Some public health issues at various times might constitute an example of this ‘problem absolution’, as will any significant and negative public image issues that individuals (celebrities, public figures) might be struggling with, or when a company gets negative attention for something it is responsible or even largely not responsible for. Simply waiting until the news cycle changes or enough people forget or ignore the “problem” is one way that some problems indeed are addressed. American as well as affluent western societies writ large tend to tolerate a certain glamorization of illegal drug use in entertainment, by noted athletes and celebrities, yet the clear damage of how those drugs reach those consumers is absolved by the population that embraces said substance abuse as ‘part of the lifestyle.’ In military applications, when an organization gradually lowers security measures or ignores creating ‘patterns of life’ that an adversary might exploit, problem absolution occurs. The long-term denial of the health hazards of military decisions to use ‘Agent Orange’ deforestation chemicals in Vietnam, or the tolerance of sexually inappropriate behaviors in certain services (the Tail Hook Convention), or the creeping acceptance of Afghan political and security force corruption from 2003–2021 all illustrate problem absolution. Adding in regular election cycles and a revolving door of political leaders, security organizations often can ‘wait out the clock’ through problem absolution in order to delay activities until anticipated leadership changes occur.[11]

Ackoff termed a fourth form of dealing with problems as ‘problem dissolution.’ This last way of dealing with ‘problems’ is most significant for strategic design and often least understood outside of complexity and systems theory. “Dissolution involves idealization rather than satisficing or optimization (or ignoring), because its objective is to so change the system or its environment as to bring the system closer to an ultimately desirable state, one in which the problem cannot or does not arise.”[12] This is what Ackoff terms the design approach. Problem dissolution is often a superior way to consider and deal with problems in complex and chaotic system settings. Dissolution means that one designs a way to transform the system so that in the emergent, new system what was previously seen as a problem is dissolved and no longer a major concern. Yet the new system formation itself will generate new problems as well. Ackoff explains this distinction between a dissolution of a problem and linear solution of a problem:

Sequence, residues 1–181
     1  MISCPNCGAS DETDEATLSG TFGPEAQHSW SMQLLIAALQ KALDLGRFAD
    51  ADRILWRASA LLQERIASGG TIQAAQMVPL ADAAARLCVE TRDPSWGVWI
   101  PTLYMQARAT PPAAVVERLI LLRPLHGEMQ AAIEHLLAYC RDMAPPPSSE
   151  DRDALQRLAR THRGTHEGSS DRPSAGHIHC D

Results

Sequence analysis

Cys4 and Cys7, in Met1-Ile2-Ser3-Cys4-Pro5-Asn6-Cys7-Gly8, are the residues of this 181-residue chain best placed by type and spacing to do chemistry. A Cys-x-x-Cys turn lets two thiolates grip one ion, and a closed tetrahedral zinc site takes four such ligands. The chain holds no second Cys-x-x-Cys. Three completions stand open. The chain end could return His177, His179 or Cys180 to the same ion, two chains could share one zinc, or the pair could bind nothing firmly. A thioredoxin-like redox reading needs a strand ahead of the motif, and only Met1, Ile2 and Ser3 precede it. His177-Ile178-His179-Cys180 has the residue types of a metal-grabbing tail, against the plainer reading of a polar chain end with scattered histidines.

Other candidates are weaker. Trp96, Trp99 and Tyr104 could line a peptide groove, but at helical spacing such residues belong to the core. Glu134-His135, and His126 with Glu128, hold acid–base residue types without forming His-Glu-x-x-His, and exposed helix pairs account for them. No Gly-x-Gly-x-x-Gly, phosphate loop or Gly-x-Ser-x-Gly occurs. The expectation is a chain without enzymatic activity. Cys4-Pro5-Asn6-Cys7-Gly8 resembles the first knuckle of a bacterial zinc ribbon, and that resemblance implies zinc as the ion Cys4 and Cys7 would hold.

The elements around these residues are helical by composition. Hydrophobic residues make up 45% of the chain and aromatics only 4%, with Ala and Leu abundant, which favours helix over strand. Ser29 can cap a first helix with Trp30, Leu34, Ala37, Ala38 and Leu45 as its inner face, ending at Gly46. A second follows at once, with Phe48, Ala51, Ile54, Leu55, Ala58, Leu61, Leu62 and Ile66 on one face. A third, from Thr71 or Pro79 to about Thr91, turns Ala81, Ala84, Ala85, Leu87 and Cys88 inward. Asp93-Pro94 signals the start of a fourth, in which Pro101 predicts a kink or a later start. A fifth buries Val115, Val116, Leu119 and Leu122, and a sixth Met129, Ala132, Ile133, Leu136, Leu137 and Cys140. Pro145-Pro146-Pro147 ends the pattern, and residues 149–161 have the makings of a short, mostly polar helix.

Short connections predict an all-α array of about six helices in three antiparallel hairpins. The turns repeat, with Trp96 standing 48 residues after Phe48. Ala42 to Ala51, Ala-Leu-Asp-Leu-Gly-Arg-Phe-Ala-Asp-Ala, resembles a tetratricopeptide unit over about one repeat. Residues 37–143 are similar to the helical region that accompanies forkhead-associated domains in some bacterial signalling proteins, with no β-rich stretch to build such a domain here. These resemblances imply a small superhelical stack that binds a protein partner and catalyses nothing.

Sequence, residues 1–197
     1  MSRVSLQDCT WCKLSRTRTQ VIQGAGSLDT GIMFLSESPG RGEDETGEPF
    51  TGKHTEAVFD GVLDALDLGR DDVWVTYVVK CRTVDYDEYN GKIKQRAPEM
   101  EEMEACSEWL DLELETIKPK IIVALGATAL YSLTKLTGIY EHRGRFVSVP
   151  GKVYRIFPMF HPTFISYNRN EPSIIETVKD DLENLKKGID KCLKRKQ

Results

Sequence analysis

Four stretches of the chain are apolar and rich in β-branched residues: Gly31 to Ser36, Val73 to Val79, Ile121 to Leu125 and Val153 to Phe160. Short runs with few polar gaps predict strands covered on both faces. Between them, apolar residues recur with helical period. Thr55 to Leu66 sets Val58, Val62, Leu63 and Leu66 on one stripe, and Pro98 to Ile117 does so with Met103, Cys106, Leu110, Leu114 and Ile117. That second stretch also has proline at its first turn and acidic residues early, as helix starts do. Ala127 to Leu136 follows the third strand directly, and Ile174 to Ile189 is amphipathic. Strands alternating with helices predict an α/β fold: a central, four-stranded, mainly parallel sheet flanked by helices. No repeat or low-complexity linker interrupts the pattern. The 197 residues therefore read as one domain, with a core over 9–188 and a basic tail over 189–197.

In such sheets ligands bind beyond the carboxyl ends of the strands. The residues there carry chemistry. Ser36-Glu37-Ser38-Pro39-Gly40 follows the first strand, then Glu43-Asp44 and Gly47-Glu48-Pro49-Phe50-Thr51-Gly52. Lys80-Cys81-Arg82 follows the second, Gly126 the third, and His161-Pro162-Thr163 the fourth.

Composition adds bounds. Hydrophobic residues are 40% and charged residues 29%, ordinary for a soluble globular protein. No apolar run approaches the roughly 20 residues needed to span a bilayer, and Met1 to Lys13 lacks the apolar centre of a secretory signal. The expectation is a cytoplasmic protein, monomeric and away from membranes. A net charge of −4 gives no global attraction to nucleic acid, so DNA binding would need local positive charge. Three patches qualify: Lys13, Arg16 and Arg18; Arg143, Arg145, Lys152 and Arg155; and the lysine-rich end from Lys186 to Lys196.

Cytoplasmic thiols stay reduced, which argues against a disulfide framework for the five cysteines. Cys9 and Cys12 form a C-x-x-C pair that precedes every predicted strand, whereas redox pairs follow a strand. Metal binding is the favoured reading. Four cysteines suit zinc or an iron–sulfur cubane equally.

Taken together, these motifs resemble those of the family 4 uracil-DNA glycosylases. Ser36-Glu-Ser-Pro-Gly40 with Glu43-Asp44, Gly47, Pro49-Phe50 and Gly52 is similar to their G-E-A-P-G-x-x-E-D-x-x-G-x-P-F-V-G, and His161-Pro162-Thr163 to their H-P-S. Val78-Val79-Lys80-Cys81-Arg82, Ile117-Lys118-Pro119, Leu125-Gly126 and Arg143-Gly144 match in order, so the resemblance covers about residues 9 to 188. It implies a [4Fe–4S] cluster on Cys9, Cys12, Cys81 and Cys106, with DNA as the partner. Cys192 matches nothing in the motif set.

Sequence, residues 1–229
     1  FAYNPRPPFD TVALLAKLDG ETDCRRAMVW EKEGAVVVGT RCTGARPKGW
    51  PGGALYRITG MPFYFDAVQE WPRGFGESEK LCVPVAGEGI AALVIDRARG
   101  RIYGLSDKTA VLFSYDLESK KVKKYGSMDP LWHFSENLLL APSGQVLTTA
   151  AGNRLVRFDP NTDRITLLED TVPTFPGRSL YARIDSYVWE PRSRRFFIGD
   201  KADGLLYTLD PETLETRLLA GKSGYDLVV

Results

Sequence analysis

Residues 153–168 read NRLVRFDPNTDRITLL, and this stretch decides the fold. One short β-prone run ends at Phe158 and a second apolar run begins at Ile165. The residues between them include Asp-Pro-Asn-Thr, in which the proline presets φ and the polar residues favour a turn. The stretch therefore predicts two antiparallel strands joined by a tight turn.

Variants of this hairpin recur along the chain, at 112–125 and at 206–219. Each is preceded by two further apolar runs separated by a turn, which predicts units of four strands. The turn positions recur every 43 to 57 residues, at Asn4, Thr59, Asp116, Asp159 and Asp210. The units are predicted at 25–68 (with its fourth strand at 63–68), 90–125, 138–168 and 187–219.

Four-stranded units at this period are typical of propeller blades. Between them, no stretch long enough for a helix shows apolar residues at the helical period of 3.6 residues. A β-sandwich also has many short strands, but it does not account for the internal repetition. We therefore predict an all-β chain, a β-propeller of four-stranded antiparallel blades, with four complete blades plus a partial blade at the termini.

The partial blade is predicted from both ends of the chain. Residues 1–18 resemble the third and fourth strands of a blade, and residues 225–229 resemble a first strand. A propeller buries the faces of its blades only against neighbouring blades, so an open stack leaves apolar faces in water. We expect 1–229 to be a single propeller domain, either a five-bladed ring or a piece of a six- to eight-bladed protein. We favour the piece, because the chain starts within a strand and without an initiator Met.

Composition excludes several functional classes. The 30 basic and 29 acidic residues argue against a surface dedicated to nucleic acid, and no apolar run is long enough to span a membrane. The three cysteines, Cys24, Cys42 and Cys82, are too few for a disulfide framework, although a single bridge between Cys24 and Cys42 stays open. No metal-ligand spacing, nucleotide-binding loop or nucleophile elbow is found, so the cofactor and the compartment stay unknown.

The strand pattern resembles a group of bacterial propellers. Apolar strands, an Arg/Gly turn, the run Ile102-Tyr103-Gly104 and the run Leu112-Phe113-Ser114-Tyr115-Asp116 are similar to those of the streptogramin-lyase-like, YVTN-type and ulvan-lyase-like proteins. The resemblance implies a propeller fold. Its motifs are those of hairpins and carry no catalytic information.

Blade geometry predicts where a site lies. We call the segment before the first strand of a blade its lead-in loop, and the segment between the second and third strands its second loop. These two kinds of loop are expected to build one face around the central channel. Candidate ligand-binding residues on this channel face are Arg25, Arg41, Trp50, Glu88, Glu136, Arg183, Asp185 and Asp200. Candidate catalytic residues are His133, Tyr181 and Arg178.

The designer makes use of the methods, techniques, and tools of both the clinician and the researcher, but he uses them synthetically rather than analytically. He tries to change the way the system as a whole functions within the larger system that contains it rather than the way its parts function within it. Dissolutions are found in the containing whole; solutions are found in the contained parts. [13]

A commercial example of problem dissolution can be found in how social ride-sharing platforms developed with the arrival of the smart phone and sufficient technological distribution across a population. Taxi companies have always dealt with the problem of fleet maintenance, whether in the age of automobiles where transmissions must be replaced periodically, or back in horse carriage times when exhausted horses needed to be rested or replaced with fresh ones. The taxi industry perpetually must manage a fleet and the constant occurrence of routine as well as unexpected repair requirements or damage is unending. They must attempt to solve particular maintenance problems, resolve others, and in some cases, they also absolve those that may later cause other problems or simply fade away. When a taxi driver’s vehicle breaks down, the company loses that line of profit until the vehicle is back up and operational. Yet for ride-sharing services such as Uber, when a driver’s vehicle breaks down, that driver no longer works for Uber until they fix it themselves. Uber has dissolved the fleet maintenance problem by designing a different system for providing the same sort of transportation service that traditional taxi companies offer.